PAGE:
updated 28 Sep 2013, 23:54
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Thu, Jul 18, 2013
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Only 17, and a forced bride
by Koh Hui Theng

Su(Not her real name) is the only daughter of a labourer.

She does not know exactly when her birthday is. With no money to finish kindergarten and desperate to make ends meet, Su ended up selling whatever her father could get from the rivers and fields.

Her three brothers also pitched in.

Her mother died when she was 12.

So when a neighbour's friend promised her a maid's job in 2007, she jumped at the chance to improve her family's life. Sadly, there was no happily ever after.

Su was beaten and sold as a forced bride - a victim of human trafficking.

A fellow countryman had persuaded her to leave Yangon for Mandalay and Lashio. Then she was put on a taxi to a village in Yunnan, China.

Su, now 23, recalled through a translator: "(A man) said my husband-to-be was waiting at the destination. I cried and begged him not to do this. I couldn't run away because I didn't know where to run to and I was scared they'd kill me if I got caught."

She did not even have time to call her father before she was sold, like "a commodity", to a man she had never met. The bride price: 30,000 yuan (S$6,200) - and not a cent went to her or her family.

To make matters worse, Su didn't understand Mandarin. So she used gestures to communicate with her construction worker-husband. Her in-laws kept her under close watch.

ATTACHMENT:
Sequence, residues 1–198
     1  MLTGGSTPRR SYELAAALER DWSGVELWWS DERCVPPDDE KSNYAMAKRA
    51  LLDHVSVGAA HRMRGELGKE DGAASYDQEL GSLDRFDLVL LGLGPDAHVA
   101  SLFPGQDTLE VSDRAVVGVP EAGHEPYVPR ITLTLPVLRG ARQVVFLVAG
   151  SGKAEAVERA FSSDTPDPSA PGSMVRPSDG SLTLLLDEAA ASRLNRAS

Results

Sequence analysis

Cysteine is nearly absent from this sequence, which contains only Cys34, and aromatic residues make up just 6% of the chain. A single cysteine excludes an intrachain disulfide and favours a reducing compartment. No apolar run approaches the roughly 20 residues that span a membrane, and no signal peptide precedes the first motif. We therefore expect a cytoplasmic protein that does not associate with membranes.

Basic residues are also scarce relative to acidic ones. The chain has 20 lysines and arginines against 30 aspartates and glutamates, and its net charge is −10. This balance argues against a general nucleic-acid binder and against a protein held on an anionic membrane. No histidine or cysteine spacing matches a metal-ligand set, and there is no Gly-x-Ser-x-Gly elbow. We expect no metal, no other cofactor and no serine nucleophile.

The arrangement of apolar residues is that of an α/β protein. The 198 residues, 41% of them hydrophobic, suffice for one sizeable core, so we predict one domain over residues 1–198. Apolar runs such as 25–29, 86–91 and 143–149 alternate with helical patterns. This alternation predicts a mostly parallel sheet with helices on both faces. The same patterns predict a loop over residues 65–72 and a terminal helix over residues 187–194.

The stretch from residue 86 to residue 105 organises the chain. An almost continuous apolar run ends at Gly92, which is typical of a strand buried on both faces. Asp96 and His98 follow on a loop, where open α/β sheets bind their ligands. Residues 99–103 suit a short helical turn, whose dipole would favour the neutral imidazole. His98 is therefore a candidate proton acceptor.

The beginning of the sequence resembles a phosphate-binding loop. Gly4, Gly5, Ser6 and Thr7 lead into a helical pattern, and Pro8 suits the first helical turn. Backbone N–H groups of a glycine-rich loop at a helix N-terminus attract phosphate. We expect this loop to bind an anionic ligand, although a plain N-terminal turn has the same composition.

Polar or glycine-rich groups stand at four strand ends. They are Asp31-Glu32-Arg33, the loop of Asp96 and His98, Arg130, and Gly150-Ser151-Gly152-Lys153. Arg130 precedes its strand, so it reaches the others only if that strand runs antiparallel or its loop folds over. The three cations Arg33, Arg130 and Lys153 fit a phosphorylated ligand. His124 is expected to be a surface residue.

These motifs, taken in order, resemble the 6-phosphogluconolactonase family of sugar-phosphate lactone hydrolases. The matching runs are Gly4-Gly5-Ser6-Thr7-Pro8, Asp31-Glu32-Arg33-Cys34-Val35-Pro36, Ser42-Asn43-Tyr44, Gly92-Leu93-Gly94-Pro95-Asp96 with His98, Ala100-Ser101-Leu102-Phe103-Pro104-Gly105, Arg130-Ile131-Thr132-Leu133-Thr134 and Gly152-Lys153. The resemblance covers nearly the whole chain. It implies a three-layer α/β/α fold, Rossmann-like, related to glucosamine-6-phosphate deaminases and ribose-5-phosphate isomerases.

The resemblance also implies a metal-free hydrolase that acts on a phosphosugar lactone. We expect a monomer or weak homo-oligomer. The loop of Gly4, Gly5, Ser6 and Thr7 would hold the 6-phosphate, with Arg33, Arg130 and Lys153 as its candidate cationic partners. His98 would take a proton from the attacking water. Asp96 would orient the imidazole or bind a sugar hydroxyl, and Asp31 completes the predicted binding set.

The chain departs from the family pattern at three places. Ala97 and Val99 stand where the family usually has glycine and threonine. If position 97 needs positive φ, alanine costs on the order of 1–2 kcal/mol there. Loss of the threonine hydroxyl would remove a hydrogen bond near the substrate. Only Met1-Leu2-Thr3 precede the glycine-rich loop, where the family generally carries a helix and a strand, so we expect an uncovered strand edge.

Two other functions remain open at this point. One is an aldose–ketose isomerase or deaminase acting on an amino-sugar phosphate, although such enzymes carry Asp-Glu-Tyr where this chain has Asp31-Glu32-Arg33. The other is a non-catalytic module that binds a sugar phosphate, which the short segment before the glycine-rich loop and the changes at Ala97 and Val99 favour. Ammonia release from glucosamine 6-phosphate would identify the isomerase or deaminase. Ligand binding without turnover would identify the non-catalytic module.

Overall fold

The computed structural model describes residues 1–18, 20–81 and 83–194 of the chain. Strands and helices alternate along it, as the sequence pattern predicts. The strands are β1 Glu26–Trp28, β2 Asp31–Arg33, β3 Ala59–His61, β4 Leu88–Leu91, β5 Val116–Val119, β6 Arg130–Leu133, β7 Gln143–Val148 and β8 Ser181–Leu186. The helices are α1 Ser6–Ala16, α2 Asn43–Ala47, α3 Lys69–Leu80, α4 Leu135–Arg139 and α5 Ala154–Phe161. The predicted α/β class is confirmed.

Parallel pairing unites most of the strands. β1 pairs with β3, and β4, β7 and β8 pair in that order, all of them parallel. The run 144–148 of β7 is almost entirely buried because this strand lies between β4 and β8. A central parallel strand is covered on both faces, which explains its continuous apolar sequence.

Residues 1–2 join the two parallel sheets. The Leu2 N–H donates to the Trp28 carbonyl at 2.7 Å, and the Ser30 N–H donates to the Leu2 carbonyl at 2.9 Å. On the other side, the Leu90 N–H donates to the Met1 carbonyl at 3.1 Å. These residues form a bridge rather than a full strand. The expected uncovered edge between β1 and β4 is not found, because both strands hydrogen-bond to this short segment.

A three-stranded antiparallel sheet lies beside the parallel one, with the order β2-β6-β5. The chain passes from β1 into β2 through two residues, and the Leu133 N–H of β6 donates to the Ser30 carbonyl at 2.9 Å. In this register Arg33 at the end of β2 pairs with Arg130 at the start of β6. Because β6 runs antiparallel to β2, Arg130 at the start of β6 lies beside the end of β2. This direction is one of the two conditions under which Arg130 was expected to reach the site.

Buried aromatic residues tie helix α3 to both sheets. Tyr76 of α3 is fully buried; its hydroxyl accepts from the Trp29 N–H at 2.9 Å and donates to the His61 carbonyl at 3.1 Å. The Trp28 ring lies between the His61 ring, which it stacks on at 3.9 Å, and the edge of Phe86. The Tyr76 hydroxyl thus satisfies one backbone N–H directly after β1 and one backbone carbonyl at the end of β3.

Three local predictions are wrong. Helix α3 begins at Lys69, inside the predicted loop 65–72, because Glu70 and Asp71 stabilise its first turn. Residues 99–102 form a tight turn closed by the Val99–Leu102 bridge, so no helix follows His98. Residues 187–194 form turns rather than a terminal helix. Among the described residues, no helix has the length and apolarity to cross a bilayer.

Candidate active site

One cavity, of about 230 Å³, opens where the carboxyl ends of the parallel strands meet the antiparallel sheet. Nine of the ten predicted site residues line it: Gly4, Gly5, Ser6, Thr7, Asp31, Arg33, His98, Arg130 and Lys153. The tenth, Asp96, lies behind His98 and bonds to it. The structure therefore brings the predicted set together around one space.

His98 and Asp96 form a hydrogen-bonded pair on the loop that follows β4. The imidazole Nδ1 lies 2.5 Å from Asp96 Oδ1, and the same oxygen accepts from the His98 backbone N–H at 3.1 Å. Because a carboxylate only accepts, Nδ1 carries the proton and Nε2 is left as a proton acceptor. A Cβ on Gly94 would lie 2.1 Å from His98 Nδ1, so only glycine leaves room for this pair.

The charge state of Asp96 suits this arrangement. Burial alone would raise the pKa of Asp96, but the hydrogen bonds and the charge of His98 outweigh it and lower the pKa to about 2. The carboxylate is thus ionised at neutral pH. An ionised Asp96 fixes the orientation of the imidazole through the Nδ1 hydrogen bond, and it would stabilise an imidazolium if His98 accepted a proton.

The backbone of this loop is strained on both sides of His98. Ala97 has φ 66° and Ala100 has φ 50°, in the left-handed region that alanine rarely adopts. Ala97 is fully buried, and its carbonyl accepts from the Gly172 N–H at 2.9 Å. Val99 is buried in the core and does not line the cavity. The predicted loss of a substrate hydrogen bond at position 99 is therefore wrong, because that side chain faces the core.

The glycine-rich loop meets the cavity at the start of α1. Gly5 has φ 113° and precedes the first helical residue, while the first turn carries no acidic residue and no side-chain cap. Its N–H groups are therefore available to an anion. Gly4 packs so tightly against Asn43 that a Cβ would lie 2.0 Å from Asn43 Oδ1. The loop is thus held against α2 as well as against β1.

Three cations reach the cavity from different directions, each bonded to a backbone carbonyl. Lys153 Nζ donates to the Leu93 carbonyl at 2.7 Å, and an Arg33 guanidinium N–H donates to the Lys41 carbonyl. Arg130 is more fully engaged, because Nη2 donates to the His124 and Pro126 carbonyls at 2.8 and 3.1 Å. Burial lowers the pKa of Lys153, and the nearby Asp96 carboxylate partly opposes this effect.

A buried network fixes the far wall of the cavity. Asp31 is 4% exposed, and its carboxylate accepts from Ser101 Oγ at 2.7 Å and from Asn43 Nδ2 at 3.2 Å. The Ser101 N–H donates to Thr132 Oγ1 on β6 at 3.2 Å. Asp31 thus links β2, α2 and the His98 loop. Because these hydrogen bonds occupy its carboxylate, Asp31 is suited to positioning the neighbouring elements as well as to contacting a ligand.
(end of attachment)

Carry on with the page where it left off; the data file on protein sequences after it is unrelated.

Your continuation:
Although she does not know her husband's age, she thinks he is in his early 30s.

"My mother-in-law followed me everywhere and scolded me the whole time," Su said.

"I felt miserable, made worse when I fell ill soon after I arrived (in the village). My husband also whipped me with his belt.

No one had hit me before."

She added: "I had to marry him because there were no other options. I felt really sad but I was already in China so I had to try and get on with everyone, even though his parents were not nice... I told myself I'd go back when I have enough money."


She tried to flee "so many times until I lost count". Each failure meant more beatings and scoldings. One escape bid in 2007 failed when the nephew of a villager who had a forced bride saw her and took her back, with the police's help.

At the age of 18, Su gave birth to a daughter. A son followed a year later, in 2009.

She eventually learned Mandarin by watching television daily and ran away - successfully - last year. The getaway was possible only because many kind strangers lent a helping hand, Su said. But her freedom came at a heavy price: Su had to leave the children behind.

When Su reached her motherland, there was only bad news: She had no home. Cyclone Nargis had destroyed everything and her father, whom she adored, was dead.

With the help of relief organisation World Vision, Su worked as a seamstress at a textile factory. But her heart remains in China, with her children. Su hopes to return there one day, legitimately.

She said: "I know people will be angry at me because I escaped but now I want to go back. I can't abandon my children. I cry every time I think of them... They'll be discriminated because they're half-Burmese...

I don't want my children to have the same fate as me."


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readers' comments

When the buying stops?...
Posted by bullterrier on Mon, 22 Jul 2013 at 22:12 PM
... some were sold as prostitutes ... only when the buying stops, then these girls will not fall preys to human traffickers in disguise who promised them a future, a job ...
Posted by mystrawberry on Mon, 22 Jul 2013 at 17:34 PM

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